User Session Analysis in Tellius and Data Preparation using SQL – Part 1: Data Transformation

In many analytics use cases, event data often plays a key role. This data may be a user’s interaction with an app on mobile or their interaction with a web application. This data is very valuable to understand the series of events a user has traversed in a given period of time.

One of the analyses we can do on this data is user session analysis. A session is a period of time the user comes to an application, spends some time in an application and moves away. This session analysis often helps to understand the various activities users will be doing in a  short period of time.

In this series of blogs, we will discuss how Tellius helps users to perform session analysis on their event data. This is first part in which we will discuss about the use case and how to start with SQL in Tellius Platform

Sample Data

The above data shows the sample data of activities. Here event_at signifies the time at which an event has occurred. Other fields signify the user and activity information.

As we can see from the data, there is no obvious way to say which session any given event belongs to. Before we can perform the session analysis, we need to determine which session a given event belongs to.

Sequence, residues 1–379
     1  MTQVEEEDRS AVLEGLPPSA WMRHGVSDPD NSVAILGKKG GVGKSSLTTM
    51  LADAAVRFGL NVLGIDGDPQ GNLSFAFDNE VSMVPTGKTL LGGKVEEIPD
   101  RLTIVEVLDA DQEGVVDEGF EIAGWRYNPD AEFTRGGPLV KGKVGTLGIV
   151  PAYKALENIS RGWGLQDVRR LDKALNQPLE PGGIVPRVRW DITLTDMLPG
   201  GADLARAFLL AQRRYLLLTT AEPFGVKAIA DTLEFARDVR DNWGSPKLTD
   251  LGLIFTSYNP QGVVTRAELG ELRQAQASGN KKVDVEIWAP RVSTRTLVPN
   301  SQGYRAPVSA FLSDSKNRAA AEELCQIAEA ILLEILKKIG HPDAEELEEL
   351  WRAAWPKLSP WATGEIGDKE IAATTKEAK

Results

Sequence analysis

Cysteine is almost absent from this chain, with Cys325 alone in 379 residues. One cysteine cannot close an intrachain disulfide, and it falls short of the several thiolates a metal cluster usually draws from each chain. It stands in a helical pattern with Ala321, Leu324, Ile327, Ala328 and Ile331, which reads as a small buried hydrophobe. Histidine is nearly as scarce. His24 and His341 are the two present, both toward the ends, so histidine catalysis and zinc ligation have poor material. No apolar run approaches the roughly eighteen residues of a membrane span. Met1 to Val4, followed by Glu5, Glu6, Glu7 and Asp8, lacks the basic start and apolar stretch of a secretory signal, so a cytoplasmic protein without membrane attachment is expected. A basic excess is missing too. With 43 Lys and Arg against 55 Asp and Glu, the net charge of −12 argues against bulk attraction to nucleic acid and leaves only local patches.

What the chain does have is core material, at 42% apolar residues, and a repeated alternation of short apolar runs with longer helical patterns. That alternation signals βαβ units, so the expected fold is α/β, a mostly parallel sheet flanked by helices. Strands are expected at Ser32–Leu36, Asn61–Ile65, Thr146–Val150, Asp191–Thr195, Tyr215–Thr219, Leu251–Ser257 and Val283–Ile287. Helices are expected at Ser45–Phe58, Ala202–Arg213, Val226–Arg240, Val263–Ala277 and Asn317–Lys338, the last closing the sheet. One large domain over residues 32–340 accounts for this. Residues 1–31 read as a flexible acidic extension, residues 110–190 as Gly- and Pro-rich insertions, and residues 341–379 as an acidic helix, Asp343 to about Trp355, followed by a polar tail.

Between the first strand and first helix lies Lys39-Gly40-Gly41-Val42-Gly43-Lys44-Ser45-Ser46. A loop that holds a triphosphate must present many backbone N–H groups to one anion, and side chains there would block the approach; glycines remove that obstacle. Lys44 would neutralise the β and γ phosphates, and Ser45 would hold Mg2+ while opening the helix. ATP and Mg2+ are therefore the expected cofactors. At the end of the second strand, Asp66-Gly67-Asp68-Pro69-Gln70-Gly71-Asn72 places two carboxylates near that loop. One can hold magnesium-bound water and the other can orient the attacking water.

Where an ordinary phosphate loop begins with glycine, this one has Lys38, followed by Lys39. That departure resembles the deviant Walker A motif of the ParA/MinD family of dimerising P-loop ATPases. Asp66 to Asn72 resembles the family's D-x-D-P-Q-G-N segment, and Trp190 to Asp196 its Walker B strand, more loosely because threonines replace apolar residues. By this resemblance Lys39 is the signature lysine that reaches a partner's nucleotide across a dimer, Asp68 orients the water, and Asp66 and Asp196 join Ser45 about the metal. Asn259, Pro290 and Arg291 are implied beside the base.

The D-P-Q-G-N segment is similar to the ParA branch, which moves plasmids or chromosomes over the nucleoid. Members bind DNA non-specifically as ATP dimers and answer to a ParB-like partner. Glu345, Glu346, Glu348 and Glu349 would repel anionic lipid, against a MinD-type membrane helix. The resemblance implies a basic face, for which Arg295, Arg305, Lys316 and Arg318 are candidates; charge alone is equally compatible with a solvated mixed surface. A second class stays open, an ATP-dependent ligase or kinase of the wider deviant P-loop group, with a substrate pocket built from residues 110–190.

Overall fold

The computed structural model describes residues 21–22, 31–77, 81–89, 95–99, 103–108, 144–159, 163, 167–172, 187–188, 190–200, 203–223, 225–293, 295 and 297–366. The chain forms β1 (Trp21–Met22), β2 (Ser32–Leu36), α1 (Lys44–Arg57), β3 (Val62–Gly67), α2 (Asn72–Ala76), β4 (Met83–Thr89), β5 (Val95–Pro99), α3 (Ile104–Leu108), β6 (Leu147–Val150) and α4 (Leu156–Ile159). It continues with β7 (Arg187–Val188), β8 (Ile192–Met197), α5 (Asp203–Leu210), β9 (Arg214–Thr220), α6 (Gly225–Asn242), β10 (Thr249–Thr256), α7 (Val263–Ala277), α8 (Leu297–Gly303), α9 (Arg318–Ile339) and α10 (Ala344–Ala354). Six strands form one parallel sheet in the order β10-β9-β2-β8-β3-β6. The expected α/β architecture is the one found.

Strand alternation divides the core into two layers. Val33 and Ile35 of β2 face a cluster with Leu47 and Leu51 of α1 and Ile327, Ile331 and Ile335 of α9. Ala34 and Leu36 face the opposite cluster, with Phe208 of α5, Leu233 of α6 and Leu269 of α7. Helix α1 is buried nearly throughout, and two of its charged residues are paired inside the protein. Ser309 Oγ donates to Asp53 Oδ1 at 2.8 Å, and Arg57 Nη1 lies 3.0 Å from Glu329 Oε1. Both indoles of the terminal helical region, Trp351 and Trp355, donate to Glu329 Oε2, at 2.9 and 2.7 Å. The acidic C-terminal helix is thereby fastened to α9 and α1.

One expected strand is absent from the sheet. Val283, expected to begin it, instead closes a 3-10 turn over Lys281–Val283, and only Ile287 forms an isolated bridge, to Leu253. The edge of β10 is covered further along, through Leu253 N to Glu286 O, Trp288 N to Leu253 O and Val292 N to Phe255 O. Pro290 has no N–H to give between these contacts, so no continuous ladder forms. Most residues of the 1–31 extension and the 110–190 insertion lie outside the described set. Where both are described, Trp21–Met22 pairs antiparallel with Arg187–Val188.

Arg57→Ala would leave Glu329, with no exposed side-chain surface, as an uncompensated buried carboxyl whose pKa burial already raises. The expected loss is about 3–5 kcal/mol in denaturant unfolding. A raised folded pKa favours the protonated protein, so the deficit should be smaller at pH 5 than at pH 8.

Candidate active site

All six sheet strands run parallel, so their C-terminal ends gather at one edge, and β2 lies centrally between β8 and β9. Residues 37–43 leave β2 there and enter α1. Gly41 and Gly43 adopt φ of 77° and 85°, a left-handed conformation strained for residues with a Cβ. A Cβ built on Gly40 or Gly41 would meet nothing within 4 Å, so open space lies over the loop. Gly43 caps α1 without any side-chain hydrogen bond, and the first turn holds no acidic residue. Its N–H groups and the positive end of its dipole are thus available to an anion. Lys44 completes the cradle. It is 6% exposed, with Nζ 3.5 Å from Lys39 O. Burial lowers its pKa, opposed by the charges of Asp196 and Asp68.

This we can achieve using a little bit of ETL on data. 

ETL in Tellius

ETL is part of any data analysis pipeline. For the above data, we cannot ask the data team to update their schema to include session indicator as it’s specific to our analysis. Unlike many BI tools out there, Tellius has a full fledged ETL built in to the tool, which allows the user to perform use case specific ETL on the data without touching any of the source data.

Tellius supports point and click ETL for simple transformations

Tellius also supports advanced transformations using SQL and Python

In this post, we will be discussing how to use SQL of Tellius to figure out the sessions in our event data.

Figuring out when Session Starts

First we need to figure out when  a session starts. We can figure this out using the LAG function of SQL to calculate the same.

select * , LAG(event_at,1) OVER

(PARTITION BY user_id order by event_at) AS


from data


The above code figures out the last event time and adds a new column to the dataset. This column will be only added to Tellius data, and not to the original table. By not touching the original table, Tellius users are free to any changes to the data without worrying about the integrity of the source data and effecting the downstream systems. 

Now the data will look as below


Now we have figured out when the session starts and added it as a new column. As the next step we need to add additional code to figure out the unique sessions. We will discuss it in the next post.


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